The following is in response to Jan Ramsey’s blog post, “New Orleans Means Music,” on OffBeat.com, wherein she talks about the noise ordinance and recommends that venues keep their doors closed.
I would be okay with closing doors. Last Tuesday I was inside the Blue Nile (downstairs). The door to the Blue Nile was closed because the music inside was softer than the brass band outside. Near the back of the room, I could hear the band from 30/90—inside the Blue Nile—with the Blue Nile’s door closed. I get that it was an unfair fight that night, since we were doing acoustic improvised music, not loud R&B, but still.
—Jeff Albert, Mandeville, Louisiana
I suspect that the ambient noise level on the streets of the French Quarter, during the daytime, would be too high for the Health Department. Noise level measurement is a difficult task, especially at varying distances. My father used to tell me that “figures don’t lie, but liars figure.” As you know, we have been discussing this for around 30 years or so. I think that I invented the phrase: “Moving to the French Quarter and complaining about the noise is like moving to Florida and complaining about the sand.”
—Gary Edwards, New Orleans, Louisiana
TP ABANDONS MUSIC
The following is in response to Jan Ramsey’s October 2015 Mojo Mouth column, “Same As It Ever Was,” wherein she talks about the TP’s decision to no longer have a full time music writer.
OffBeat’s contribution to music reporting here is huge and spiked with great moments. Its nurturing of Scott [Jordan], Keith [Spera], Doug [MacCash], Alex [Rawls] and other journalists has been a great public service, but I think Jan [Ramsey] is wrong to tell us that before OffBeat, no one was trying to cover this important beat. I can’t tell you exactly who the Times-Picayune had covering music in the early ’80s, but I can report that when Gambit editor Gary Esolen hired me to write a music column and keep an eye on the music business, part of his rationale was that, when it came to music coverage, the TP was “eating Gambit’s lunch.” I did as much as one part-time reporter could do for a couple of years, but then the duty of covering music was passed along to Geraldine Wyckoff, who did the job considerably longer and better than me, right on through the ’80s and, I believe, beyond. And let’s not forget that a magazine called Wavelength arrived on the scene in 1980.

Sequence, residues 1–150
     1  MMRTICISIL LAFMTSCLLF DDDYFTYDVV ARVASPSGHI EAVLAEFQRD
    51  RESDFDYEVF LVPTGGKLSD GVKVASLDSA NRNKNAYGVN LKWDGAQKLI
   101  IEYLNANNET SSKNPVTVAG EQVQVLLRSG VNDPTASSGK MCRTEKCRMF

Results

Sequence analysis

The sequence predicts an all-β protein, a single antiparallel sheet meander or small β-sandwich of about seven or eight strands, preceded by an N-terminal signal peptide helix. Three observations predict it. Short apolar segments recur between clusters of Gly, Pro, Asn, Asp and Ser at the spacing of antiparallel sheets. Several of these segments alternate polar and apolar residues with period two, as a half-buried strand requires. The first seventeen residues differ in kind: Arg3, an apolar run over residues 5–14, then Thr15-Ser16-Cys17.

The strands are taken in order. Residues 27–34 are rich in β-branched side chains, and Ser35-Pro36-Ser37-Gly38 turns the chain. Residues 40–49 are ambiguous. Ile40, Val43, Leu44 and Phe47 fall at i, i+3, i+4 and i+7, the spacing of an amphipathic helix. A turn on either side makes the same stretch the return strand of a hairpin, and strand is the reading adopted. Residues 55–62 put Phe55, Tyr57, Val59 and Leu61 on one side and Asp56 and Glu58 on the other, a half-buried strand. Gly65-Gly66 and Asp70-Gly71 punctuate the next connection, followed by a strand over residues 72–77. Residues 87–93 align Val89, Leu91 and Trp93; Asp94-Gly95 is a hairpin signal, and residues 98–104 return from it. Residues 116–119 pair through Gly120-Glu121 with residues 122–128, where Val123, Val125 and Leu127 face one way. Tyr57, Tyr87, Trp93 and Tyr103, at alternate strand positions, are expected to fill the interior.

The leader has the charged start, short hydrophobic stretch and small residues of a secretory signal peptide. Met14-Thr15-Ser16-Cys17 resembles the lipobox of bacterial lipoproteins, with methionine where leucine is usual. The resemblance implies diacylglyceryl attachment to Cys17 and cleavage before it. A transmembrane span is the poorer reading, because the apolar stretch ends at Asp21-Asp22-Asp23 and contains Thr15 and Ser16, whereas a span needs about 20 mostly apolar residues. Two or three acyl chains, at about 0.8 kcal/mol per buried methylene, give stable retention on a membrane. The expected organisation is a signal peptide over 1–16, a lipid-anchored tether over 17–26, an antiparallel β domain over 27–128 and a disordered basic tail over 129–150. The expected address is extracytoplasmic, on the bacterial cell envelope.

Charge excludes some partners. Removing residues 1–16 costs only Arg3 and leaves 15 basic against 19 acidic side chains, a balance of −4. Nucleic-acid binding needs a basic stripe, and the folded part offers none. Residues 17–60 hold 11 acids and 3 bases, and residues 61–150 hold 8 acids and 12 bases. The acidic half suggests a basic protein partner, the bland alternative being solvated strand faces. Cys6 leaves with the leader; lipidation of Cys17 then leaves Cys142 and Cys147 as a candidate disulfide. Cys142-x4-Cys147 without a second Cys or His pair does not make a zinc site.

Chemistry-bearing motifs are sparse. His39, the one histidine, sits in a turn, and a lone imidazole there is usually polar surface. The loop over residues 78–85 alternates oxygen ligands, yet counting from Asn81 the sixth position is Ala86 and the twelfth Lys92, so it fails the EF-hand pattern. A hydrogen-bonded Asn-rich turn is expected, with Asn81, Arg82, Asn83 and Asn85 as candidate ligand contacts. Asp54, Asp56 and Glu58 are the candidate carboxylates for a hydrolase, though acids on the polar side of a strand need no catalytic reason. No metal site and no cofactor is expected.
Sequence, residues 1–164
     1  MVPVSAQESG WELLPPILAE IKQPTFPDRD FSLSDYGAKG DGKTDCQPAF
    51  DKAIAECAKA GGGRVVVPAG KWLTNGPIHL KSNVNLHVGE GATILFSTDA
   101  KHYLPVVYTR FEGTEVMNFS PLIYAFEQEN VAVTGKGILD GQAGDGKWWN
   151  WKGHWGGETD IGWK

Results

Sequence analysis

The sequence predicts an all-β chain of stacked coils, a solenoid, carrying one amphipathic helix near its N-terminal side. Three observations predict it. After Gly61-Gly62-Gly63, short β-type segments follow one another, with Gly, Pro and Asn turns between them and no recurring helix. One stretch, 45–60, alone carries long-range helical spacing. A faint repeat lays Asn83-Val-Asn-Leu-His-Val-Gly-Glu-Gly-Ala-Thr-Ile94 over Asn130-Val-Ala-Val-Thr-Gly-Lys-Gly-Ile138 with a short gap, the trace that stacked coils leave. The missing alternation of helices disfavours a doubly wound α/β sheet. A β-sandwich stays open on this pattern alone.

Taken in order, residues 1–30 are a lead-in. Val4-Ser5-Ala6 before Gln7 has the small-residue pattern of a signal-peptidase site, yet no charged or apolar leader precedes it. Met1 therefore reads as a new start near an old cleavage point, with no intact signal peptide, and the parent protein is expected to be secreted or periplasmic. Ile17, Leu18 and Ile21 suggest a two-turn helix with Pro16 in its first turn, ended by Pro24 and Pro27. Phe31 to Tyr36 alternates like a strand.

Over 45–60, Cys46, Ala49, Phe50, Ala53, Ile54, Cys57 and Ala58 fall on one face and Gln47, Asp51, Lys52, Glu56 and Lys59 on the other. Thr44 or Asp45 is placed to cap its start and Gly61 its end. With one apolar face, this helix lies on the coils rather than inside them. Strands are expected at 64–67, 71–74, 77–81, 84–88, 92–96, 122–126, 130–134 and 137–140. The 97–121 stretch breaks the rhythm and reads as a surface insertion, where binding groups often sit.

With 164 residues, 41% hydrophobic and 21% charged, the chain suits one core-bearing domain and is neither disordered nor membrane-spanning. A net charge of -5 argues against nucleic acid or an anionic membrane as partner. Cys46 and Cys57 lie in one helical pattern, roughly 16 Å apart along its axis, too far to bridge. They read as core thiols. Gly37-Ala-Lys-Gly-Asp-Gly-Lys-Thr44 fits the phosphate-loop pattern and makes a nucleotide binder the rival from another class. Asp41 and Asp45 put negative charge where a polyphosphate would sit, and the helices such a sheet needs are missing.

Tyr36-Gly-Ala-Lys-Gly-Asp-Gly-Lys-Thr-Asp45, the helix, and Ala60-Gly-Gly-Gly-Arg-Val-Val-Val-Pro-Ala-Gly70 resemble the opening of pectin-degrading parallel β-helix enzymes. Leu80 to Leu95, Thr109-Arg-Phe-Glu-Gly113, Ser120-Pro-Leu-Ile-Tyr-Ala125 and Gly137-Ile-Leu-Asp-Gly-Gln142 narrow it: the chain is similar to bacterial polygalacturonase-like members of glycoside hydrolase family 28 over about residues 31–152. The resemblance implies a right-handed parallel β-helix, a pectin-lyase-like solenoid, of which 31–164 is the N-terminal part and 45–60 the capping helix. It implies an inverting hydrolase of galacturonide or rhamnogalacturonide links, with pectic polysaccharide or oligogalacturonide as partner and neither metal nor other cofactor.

—Rock Adam, a.k.a. Ralph Adamo, New Orleans, Louisiana
In my memory, the TP never had a full-time music writer until Scott Aiges, who started covering the scene a couple of years after OffBeat started. Wavelength started in 1981 and was the house pub for the record store Leisure Landing; it was a great publication that lasted about 10 years and also nurtured local writers and the music scene. It closed in 1991. Gary was, and is, a visionary. He was right on the money with music.
We couldn’t agree more with Alden Drew’s letter [August 2015]. But we do disagree with one point: Excessive sound is a nationwide issue. We travel around the country listening to music and earplugs are always in our pocket, if needed. Sound techs should consider that excess volume detracts from the experience. We saw a wonderful group in Wisconsin this weekend and one band member commented that “it would be crazy to give electricity to an acoustic band.” More musicians should think that way.
—Steve and Linda Steinhoff, Palmyra, Wisconsin
An awesome story about an amazing young band. Look out world, Sweet Crude is the future of indie rock!
—Joey Marceaux, Hammond, Louisiana